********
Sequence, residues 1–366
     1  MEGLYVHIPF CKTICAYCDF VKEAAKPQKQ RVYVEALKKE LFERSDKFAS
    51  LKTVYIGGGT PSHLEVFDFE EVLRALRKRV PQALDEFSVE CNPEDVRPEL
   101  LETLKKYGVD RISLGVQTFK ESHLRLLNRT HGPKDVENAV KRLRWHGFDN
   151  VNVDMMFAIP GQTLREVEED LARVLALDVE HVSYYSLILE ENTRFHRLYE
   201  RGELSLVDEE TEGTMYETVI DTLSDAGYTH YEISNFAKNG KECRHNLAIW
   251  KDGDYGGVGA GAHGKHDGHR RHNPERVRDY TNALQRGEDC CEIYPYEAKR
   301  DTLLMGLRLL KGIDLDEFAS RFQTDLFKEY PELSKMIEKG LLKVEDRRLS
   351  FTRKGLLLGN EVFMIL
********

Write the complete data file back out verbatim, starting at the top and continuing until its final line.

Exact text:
Sequence, residues 1–366
     1  MEGLYVHIPF CKTICAYCDF VKEAAKPQKQ RVYVEALKKE LFERSDKFAS
    51  LKTVYIGGGT PSHLEVFDFE EVLRALRKRV PQALDEFSVE CNPEDVRPEL
   101  LETLKKYGVD RISLGVQTFK ESHLRLLNRT HGPKDVENAV KRLRWHGFDN
   151  VNVDMMFAIP GQTLREVEED LARVLALDVE HVSYYSLILE ENTRFHRLYE
   201  RGELSLVDEE TEGTMYETVI DTLSDAGYTH YEISNFAKNG KECRHNLAIW
   251  KDGDYGGVGA GAHGKHDGHR RHNPERVRDY TNALQRGEDC CEIYPYEAKR
   301  DTLLMGLRLL KGIDLDEFAS RFQTDLFKEY PELSKMIEKG LLKVEDRRLS
   351  FTRKGLLLGN EVFMIL